I recently had the great pleasure of trying out two of La Sportiva’s approach shoes on a couple of hikes in Southern California. Fist up was the TX2 Leather shoes which I took up Cucamonga Peak in the San Gabriel mountains
They sort of remind me of a slightly more aggressive, pointy version of the Moccasin. They are comfy and soft but are designed in a way that still gives them a secure feel and some precision, which makes them perfect for long, moderate climbs or all day mellow crag sessions
So, it was with great delight that I found out about the FC 4.1, or more aptly called FC ECO. A light weight La Sportiva hiking boot sold exclusively at REI. The sole is 15% recycled materials, the mid sol 30%, Laces and mesh nylon 100%, and the inside liner is 40 % recycled materials.
Before leaving to climb in the Himalayas my biggest concern was how to keep warm. I get cold easily and particularly my feet tend to suffer. My toes turn into ice cubes and no amount of wiggling them around will get them back to life. I don’t only get cold feet, but I also have rather tiny feet. Which meant my options for high altitude boots were limited. In fact, there was exactly one shoe that came in my size, the La Sportiva Spantik.
That might be an exaggeration, yet I still hold to the statement. If not for this boot my feet would have been soggy, sore, and blistered. That being said I have pretty rough feet that don’t blister very easy. I decided to break these boots in on a seven day trip into the Wind River Range to porter a guided trip for Montana Alpine Guides, up Gannett Peak (the highest point in Wyoming 13,804’)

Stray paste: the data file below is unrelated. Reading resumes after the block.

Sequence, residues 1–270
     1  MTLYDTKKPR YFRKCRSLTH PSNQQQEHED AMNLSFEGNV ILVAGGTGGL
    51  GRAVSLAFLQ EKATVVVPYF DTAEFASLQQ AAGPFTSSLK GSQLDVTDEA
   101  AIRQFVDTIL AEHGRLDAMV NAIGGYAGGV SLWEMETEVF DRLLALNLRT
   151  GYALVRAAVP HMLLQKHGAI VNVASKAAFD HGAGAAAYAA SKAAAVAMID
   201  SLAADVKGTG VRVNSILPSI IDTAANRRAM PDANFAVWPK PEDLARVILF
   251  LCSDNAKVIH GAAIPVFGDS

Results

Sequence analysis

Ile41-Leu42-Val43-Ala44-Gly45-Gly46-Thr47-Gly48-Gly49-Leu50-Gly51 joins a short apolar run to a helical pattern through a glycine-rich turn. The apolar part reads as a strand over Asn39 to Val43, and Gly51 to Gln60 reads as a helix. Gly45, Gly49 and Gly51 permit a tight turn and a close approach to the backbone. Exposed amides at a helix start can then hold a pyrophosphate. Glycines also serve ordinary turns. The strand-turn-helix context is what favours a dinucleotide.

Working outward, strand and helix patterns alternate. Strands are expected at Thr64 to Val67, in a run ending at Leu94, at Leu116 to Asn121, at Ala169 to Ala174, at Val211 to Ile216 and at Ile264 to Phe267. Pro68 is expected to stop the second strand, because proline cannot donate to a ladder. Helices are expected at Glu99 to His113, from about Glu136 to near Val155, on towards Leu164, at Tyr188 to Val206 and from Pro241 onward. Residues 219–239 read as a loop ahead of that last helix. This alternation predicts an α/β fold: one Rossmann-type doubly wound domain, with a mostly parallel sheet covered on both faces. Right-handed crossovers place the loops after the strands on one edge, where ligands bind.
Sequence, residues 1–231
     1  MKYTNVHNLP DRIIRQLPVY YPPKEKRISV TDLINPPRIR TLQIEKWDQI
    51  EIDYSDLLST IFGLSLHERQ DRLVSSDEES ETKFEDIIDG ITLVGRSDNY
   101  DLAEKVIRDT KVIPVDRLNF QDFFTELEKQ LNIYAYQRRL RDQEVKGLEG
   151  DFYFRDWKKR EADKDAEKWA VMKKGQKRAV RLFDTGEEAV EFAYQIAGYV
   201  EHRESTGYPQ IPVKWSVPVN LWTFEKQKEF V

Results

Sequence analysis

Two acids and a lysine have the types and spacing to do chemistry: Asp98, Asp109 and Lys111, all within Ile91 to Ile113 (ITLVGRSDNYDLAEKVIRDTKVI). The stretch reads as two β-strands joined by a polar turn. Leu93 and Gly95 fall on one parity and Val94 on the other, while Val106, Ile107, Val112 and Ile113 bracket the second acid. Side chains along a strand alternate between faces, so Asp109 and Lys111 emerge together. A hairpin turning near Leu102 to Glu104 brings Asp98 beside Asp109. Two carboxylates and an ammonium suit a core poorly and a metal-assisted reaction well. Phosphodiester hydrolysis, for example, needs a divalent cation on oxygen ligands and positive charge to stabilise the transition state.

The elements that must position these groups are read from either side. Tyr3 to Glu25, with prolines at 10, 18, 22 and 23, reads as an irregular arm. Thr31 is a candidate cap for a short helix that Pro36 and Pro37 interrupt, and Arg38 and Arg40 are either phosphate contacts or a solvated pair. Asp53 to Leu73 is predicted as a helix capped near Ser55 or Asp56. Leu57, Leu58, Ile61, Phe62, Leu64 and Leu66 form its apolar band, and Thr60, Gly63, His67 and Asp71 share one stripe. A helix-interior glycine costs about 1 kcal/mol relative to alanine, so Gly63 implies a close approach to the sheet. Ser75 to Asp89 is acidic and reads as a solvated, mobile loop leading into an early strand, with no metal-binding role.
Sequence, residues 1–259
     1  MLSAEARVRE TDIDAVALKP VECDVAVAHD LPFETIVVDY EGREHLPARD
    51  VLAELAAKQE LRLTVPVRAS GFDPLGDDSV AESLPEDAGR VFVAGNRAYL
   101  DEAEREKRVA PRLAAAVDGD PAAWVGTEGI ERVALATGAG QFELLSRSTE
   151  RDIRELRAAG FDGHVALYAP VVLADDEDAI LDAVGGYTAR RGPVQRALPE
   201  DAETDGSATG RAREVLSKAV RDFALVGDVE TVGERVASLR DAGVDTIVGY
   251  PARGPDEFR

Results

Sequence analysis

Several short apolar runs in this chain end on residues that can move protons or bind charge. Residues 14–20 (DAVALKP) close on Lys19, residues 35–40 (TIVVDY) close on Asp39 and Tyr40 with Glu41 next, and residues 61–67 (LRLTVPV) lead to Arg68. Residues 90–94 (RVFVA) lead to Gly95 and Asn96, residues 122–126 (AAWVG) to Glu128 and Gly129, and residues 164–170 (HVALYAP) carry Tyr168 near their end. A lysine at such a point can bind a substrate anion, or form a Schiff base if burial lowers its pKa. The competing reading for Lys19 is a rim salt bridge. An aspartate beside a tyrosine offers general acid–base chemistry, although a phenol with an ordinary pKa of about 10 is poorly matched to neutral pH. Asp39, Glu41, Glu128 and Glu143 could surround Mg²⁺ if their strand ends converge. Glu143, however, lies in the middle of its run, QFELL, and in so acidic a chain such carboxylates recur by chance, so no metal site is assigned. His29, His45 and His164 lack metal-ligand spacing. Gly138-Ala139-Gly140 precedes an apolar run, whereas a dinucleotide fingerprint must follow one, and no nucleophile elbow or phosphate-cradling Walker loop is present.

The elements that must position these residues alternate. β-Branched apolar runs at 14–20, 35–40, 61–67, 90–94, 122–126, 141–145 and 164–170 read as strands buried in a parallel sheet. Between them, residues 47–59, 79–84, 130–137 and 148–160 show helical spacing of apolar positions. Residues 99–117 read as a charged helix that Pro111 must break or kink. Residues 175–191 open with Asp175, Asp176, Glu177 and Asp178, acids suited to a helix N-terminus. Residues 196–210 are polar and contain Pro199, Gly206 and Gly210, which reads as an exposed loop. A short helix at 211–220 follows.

I can spend hours in a skiing museum looking at old skis. I like the aesthetic lines that make up a ski’s shape. I wonder who skied on them and what stories that person could tell. I often think about a pair of my skis hanging above a fireplace in 100 hundred years. Who will look at them and what will they think? I spend a lot of time pondering skis, however mostly I like what they allow me to do…glide over snow.
Most of the time we think of cross trainers for trail runs, hikes, or scrambling. As a scientist who spend a lot of my time in field I also think of them as work equipment. I am a marine scientist who work as an expedition leader, leading Citizen Scientists in various conservation project around the globe.
Out here in the Pacific Northwest, we are no stranger to wet trails. Whether it’s crossing snow fields on the way to early season rock, jumping streams from summer run-off, or heading uphill in a downpour, we need shoes that can handle it all!
Italian designers usually end up dressing celebrities, or Bond girls. Suitable for riding a moped through the streets of Rome, perhaps, but not usually available for us mountain-ladies, riding skis up and down alpine mountains. Fortunately for us, the Italian team at La Sportiva has designed the equivalent for alpine ladies. The Storm Fighter GTX is a like a designer-styled jacket for the uphill athlete.
I while ago I wrote a blog post about how I occasionally enjoy a nice, easy, solo day out to test out new equipment. I never solo anything hard, but I find that the ability to spend time alone, without the need to uphold conversation or stick to/manage the group pace, allows me to focus intensely on technique or a new piece gear. So this weekend, when everyone with day jobs was out enjoying mega ultra rad adventures far from home on the long weekend, I took the chance to test out the new TX3 approaches from Sportiva on a quick little day mission.